The Marlins have agreed to a minor league contract with free agent first baseman/outfielder Trey Mancini, reports Jon Heyman of the New York Post. Mancini, who’s represented by Frontline, will be in big league camp as a non-roster invitee this spring.
Mancini is still technically playing under the two-year, $14MM deal he signed with the Cubs last offseason, so the Marlins will only owe Mancini the prorated league minimum for any time he spends on the active roster. Chicago released Mancini after the trade deadline. The Reds added him on a minor league deal later that month but didn’t call him to the Majors before cutting him loose themselves.
As one would expect for a player who was twice released the prior season, the 2023 campaign was not a good one for Mancini. The longtime Orioles slugger appeared in 79 games with the Cubs after signing that contract but scuffled at the plate throughout his Wrigley tenure, batting just .234/.299/.336 with four home runs and a career-worst 29.7% strikeout rate.
Mancini’s struggles date all the way back to the 2022 All-Star break, however. He was enjoying yet another productive season in Baltimore, hitting .285/.359/.429 through his first 351 trips to the plate, but Mancini scuffled following the Midsummer Classic and never rebounded following a trade to Houston, where he batted .176/.258/.364 in 51 games while receiving erratic playing time. Since that year’s All-Star break, Mancini has 499 plate appearances with only a .204/.280/.335 batting line to show for it.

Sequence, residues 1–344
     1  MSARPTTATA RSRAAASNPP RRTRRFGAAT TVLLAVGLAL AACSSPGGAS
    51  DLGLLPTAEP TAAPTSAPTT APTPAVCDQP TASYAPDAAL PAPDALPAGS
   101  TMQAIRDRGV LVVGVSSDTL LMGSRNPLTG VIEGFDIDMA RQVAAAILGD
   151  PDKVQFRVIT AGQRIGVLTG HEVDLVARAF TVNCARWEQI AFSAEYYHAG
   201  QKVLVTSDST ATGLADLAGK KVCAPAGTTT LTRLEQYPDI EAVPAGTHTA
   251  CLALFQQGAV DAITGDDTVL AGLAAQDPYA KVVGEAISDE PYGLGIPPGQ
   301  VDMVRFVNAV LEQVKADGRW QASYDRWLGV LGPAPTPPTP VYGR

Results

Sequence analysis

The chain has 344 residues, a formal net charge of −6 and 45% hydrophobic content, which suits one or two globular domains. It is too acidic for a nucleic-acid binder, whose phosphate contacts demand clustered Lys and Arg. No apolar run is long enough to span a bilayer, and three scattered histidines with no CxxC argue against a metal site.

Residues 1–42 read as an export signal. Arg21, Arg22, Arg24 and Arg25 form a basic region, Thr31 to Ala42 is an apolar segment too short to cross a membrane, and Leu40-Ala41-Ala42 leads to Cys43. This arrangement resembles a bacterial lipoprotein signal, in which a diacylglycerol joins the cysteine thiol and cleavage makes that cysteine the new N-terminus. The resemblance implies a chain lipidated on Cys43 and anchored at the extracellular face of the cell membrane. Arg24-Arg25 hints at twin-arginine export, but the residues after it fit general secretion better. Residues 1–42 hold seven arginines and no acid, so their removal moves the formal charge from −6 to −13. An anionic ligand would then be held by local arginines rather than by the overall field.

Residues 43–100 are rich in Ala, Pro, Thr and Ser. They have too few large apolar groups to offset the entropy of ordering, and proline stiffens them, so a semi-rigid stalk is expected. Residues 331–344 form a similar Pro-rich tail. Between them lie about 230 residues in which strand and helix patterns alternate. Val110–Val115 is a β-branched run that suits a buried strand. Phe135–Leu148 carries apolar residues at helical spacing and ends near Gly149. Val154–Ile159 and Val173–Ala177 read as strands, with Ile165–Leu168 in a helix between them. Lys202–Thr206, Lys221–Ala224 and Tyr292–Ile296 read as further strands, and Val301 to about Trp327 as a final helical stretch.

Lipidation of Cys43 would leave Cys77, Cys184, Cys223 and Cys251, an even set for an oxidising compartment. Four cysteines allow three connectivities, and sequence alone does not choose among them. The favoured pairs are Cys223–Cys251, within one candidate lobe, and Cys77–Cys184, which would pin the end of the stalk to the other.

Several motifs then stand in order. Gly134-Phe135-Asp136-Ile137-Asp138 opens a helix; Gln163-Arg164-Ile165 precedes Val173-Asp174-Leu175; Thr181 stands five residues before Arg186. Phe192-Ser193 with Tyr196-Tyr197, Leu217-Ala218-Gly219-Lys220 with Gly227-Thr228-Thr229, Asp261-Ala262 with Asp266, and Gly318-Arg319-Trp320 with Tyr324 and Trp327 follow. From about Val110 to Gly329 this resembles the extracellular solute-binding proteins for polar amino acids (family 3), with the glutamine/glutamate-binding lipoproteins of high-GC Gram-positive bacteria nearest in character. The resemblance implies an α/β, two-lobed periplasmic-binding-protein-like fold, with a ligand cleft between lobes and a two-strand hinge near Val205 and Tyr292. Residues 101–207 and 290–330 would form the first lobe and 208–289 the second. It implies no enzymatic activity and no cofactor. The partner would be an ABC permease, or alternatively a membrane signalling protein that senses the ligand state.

Of course, at his best, Mancini rates anywhere from “clearly above average” to “bona fide heart-of-the-order presence.” His peak offensive performance came during 2019’s juiced ball season, when he hit .291/.364/.535 with a career-high 35 long balls. Even if that peak performance can be written off as anomalous in nature, Mancini entered the 2023 campaign as a lifetime .265/.330/.457 hitter who’d typically walk around 9% of the time against a strikeout rate that routinely sat between 21-23%. He’s not considered a strong defender in the outfield corners but can play a solid first base.
Beyond his on-field production over a long stint in Baltimore, Mancini became one of the easiest players to cheer on throughout all of MLB. Heading into the 2020 season, a then-28-year-old Mancini stunningly announced that he’d been diagnosed with Stage 3 colon cancer. He underwent surgery to remove a malignant tumor and then embarked on a six-week regimen of chemotherapy. Mancini eventually received a clean bill of health, returned in 2021 and was named the American League Comeback Player of the Year after swatting 21 homers and 33 doubles while batting .255/.326/.436 in 147 games.
With the Marlins, Mancini will compete for a bench spot and perhaps for time at designated hitter. The Fish currently have Josh Bell at first base, with Bryan De La Cruz and Jesus Sanchez likely ticketed for corner outfield work. Struggling veteran Avisail Garcia remains with the club due primarily to his contract status — two years, $29MM remaining — but Mancini could challenge him for a similar role as a righty-swinging option at DH and in the outfield corners. Garcia has batted just .215/.260/.316 since signing a four-year, $53MM contract prior to the 2022 season.
With catcher Christian Bethancourt and utilityman Vidal Brujan both out of minor league options, the Marlins effectively have two bench spots up for grabs. Mancini will compete with outfielder Peyton Burdick and infielders Xavier Edwards, Jordan Groshans and Jacob Amaya for one of those two spots. A third roster spot could conceivably open if the new-look Marlins front office opts to move on from Garcia this spring.